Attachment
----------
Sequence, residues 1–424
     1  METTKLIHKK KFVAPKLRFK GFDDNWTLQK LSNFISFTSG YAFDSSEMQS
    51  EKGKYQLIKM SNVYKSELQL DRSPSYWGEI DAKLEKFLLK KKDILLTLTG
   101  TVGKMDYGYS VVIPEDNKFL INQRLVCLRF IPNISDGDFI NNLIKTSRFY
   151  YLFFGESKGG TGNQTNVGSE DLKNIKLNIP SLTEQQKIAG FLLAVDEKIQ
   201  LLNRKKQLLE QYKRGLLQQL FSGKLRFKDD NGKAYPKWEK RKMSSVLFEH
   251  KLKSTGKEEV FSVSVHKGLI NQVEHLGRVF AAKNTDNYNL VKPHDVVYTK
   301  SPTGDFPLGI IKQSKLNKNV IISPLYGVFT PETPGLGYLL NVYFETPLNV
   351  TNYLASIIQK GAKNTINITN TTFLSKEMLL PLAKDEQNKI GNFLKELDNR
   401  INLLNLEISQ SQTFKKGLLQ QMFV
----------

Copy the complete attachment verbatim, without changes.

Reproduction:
Sequence, residues 1–424
     1  METTKLIHKK KFVAPKLRFK GFDDNWTLQK LSNFISFTSG YAFDSSEMQS
    51  EKGKYQLIKM SNVYKSELQL DRSPSYWGEI DAKLEKFLLK KKDILLTLTG
   101  TVGKMDYGYS VVIPEDNKFL INQRLVCLRF IPNISDGDFI NNLIKTSRFY
   151  YLFFGESKGG TGNQTNVGSE DLKNIKLNIP SLTEQQKIAG FLLAVDEKIQ
   201  LLNRKKQLLE QYKRGLLQQL FSGKLRFKDD NGKAYPKWEK RKMSSVLFEH
   251  KLKSTGKEEV FSVSVHKGLI NQVEHLGRVF AAKNTDNYNL VKPHDVVYTK
   301  SPTGDFPLGI IKQSKLNKNV IISPLYGVFT PETPGLGYLL NVYFETPLNV
   351  TNYLASIIQK GAKNTINITN TTFLSKEMLL PLAKDEQNKI GNFLKELDNR
   401  INLLNLEISQ SQTFKKGLLQ QMFV